Former BC Mines Minister now director at project-generating junior
Bill Bennett, British Columbia’s former Minister of Mines and Energy, has quit politics and joined Eagle Plains Resources (TSXV:EPL) as a director.
Bennett served as Mines Minister three times during his 16 years as an MLA (member of the legislative assembly), but chose not to run again in the May 9 provincial election. His appointment to Eagle Plains comes just three days after finishing out his term as Minister of Mines and Energy.
“There are few people in Canada who have such a strong combined knowledge of government processes, of the mining industry and of First Nations,” Eagle Plains wrote in a statement announcing Bennett’s appointment, adding that Bennett led the BC government’s efforts to restore the province’s competitiveness for exploration investment, including improving the permitting process and helping to launch BC’s First Nations mine revenue sharing program.
He will replace Ron Netolitzky, a Canadian Mining Hall of Fame inductee who helped spin-out Copper Canyon Resources through to its eventual merger with NovaGold Resources (TSX:NG) in 2011. NovaGold owns the development-phase Galore Creek copper-gold-silver project. Netolitzky will continue on as an advisor to Eagle Plains Resources.
The Cranbrook-based company (in the same East Kootenay area that Bennett served as MLA) is a project generator with a portfolio of Western Canadian properties containing gold, base metals, uranium, rare earth elements and industrial minerals. Among its business strategies, Eagle Plains says it aims to exposure investors to discovery and eventual mineral production via royalties on properties that Eagle Plains has sold to other companies.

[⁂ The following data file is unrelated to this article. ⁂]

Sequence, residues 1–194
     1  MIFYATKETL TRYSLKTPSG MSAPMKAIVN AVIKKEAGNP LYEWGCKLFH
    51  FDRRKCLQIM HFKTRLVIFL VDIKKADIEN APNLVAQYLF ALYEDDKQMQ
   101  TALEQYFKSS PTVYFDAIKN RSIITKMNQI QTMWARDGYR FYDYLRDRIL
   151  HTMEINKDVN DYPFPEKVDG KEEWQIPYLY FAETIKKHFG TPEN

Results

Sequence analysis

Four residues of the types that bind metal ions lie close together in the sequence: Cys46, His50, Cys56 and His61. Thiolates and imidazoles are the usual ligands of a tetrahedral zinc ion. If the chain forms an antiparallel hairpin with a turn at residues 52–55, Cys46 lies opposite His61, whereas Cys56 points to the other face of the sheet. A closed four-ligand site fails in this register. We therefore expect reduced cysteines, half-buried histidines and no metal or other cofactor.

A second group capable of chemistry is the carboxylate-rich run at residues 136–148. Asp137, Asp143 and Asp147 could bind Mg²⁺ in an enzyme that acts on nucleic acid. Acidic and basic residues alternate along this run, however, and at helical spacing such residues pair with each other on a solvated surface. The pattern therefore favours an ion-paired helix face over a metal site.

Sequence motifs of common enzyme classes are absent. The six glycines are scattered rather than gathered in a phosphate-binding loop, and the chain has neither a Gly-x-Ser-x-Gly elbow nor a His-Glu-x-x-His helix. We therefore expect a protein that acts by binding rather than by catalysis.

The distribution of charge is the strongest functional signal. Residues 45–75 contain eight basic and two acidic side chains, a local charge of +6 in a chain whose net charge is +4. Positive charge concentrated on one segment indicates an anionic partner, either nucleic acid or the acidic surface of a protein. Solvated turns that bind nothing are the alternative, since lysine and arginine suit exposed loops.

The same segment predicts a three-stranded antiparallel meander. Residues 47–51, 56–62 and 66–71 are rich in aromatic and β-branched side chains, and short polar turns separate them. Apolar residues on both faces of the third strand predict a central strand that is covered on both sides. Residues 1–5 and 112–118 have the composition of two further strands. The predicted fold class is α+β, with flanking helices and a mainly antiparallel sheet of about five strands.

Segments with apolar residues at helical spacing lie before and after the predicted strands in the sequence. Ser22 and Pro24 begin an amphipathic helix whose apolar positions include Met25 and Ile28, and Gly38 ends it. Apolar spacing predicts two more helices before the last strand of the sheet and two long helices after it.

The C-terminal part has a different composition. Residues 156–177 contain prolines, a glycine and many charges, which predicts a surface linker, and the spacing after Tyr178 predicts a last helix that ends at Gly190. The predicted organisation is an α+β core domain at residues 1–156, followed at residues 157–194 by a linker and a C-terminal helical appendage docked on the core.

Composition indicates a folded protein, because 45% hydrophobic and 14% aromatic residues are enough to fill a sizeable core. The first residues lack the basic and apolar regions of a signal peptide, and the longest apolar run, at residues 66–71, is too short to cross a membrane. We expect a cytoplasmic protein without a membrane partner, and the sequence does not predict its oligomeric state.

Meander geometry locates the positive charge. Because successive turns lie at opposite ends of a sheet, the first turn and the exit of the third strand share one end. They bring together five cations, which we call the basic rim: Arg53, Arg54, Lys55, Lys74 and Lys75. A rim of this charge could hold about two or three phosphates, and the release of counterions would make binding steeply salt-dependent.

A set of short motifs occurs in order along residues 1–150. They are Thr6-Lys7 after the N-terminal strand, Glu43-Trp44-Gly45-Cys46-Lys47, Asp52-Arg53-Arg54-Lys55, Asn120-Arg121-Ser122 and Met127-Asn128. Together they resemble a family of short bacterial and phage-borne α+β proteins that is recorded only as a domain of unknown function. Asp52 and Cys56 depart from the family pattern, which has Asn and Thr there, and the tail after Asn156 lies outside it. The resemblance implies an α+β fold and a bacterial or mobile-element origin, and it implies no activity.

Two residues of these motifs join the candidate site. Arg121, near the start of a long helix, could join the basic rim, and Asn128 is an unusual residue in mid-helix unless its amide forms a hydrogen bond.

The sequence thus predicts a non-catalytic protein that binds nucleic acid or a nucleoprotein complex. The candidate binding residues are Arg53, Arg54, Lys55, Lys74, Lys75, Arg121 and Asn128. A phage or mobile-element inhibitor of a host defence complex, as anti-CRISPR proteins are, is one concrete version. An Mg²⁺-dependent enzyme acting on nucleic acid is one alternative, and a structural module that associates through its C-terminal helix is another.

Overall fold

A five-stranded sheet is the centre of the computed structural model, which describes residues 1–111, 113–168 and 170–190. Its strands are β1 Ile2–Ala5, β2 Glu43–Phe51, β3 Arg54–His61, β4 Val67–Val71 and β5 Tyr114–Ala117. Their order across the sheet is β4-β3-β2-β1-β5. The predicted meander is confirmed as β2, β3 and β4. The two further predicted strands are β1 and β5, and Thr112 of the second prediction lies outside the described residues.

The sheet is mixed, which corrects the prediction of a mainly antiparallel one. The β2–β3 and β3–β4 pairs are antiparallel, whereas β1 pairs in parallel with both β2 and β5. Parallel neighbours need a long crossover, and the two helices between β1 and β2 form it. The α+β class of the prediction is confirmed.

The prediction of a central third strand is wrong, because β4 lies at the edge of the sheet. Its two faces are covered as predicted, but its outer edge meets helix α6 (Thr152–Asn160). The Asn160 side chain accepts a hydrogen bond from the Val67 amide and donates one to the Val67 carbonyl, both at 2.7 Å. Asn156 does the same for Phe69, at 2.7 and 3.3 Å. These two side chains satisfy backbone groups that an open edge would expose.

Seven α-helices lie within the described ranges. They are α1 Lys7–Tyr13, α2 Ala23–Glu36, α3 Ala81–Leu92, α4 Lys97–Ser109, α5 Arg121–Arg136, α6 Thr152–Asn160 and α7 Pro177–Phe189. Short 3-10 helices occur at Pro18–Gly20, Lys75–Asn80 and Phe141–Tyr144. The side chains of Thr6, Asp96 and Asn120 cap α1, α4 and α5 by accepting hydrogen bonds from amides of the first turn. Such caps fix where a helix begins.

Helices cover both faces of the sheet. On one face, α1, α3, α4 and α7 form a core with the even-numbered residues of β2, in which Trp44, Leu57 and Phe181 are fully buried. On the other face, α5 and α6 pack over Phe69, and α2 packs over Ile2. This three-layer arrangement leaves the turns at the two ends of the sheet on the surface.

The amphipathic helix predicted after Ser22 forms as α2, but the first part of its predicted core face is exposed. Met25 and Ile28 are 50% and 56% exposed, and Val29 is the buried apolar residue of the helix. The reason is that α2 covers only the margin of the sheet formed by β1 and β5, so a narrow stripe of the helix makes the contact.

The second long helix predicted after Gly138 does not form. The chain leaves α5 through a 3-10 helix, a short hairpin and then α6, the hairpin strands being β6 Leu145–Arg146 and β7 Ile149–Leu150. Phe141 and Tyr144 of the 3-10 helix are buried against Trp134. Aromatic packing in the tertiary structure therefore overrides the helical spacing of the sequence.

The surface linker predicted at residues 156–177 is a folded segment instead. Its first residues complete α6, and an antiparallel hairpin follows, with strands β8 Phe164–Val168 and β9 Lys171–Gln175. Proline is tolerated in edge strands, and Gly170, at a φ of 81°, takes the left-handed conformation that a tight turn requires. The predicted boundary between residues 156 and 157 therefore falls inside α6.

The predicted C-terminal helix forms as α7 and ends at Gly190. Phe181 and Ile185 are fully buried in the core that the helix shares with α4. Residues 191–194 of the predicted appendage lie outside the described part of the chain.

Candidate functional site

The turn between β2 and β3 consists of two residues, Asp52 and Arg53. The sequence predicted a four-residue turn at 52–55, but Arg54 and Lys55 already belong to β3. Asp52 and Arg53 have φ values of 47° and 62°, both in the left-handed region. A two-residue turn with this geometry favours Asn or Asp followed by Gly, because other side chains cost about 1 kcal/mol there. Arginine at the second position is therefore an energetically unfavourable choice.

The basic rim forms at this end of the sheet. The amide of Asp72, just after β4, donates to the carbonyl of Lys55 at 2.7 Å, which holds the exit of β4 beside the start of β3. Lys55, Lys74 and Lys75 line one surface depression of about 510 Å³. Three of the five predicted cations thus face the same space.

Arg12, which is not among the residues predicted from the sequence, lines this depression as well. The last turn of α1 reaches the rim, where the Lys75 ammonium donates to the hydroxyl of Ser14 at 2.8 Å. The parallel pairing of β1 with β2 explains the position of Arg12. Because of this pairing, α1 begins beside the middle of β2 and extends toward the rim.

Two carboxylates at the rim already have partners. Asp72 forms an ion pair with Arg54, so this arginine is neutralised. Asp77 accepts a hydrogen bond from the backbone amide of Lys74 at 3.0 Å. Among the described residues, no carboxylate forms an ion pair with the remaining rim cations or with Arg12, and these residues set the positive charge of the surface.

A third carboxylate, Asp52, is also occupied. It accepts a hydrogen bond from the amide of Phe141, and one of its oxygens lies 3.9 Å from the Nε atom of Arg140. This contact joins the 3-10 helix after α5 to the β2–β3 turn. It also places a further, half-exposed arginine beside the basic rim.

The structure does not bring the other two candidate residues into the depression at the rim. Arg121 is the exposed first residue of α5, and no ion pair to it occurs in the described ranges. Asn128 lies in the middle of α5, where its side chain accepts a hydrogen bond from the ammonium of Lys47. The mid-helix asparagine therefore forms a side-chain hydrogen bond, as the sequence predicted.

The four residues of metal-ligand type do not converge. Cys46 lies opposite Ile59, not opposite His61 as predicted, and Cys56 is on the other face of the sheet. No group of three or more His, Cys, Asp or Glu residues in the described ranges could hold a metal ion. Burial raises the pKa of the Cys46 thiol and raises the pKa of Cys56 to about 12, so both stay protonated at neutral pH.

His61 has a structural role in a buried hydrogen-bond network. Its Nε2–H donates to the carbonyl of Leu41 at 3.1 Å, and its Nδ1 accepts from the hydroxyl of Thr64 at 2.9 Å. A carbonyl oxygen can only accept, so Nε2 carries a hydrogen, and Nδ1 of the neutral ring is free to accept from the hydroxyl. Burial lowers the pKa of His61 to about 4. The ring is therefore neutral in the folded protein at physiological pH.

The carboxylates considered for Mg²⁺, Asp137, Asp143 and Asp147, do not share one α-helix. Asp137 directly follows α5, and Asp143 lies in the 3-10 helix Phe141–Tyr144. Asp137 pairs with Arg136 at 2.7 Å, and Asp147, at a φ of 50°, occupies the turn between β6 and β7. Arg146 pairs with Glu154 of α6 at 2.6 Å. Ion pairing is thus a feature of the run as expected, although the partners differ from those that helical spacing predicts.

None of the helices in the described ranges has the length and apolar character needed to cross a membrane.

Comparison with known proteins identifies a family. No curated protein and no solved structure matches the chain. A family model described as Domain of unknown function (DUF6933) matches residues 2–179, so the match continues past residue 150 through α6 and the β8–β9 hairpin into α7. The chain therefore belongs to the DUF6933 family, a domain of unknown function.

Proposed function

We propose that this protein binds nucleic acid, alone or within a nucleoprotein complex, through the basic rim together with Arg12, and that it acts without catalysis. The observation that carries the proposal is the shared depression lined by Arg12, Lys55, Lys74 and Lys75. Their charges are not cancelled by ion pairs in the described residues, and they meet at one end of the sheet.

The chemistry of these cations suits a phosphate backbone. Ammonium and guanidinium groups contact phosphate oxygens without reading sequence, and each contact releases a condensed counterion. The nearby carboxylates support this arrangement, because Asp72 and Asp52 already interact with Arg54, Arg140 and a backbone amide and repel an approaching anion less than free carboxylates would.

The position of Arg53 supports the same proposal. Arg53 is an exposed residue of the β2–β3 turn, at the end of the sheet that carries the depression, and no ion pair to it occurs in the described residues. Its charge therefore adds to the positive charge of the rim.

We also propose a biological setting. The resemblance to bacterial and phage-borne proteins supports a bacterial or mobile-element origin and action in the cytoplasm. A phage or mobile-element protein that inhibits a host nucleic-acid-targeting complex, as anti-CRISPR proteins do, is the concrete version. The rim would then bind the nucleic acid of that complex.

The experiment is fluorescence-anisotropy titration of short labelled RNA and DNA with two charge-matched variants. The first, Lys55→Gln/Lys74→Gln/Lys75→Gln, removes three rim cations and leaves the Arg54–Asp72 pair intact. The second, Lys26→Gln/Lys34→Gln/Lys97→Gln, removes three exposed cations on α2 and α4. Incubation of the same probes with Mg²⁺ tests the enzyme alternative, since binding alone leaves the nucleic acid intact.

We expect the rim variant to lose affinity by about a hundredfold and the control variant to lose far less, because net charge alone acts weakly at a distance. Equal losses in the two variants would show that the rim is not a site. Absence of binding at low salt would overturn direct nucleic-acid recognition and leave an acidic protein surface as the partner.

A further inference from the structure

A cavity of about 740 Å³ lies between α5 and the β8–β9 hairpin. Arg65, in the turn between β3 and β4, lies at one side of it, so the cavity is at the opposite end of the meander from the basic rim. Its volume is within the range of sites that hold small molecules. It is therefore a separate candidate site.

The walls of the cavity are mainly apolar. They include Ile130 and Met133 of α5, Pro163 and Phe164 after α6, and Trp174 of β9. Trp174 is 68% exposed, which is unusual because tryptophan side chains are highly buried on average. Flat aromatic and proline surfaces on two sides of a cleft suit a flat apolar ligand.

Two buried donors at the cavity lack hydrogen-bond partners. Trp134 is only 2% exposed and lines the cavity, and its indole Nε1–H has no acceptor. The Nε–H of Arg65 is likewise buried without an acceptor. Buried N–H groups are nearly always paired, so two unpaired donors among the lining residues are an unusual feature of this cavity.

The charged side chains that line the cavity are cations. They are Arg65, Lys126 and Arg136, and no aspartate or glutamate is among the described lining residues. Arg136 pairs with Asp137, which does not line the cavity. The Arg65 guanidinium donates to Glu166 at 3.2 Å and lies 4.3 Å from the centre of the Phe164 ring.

Meanwhile Bennett is being replaced as Mines Minister by Rich Coleman, who previously managed the portfolio and most recently served as Minister of Housing and Minister of Natural Gas Development. The governing BC Liberals are currently in a precarious situation having failed to win a majority of seats in the May 9 election.
On Monday Premier Christy Clark and her cabinet were officially sworn in, but Clark is expected to recall the legislature on June 22 for a confidence vote she will very likely lose. The Liberals won 43 seats in the 87-seat legislature, not enough to put them in majority territory. The NDP won 41 seats and the Green Party claimed three. The two opposition parties have agreed to an informal alliance that would topple the Liberals, who have governed BC for the past 16 years.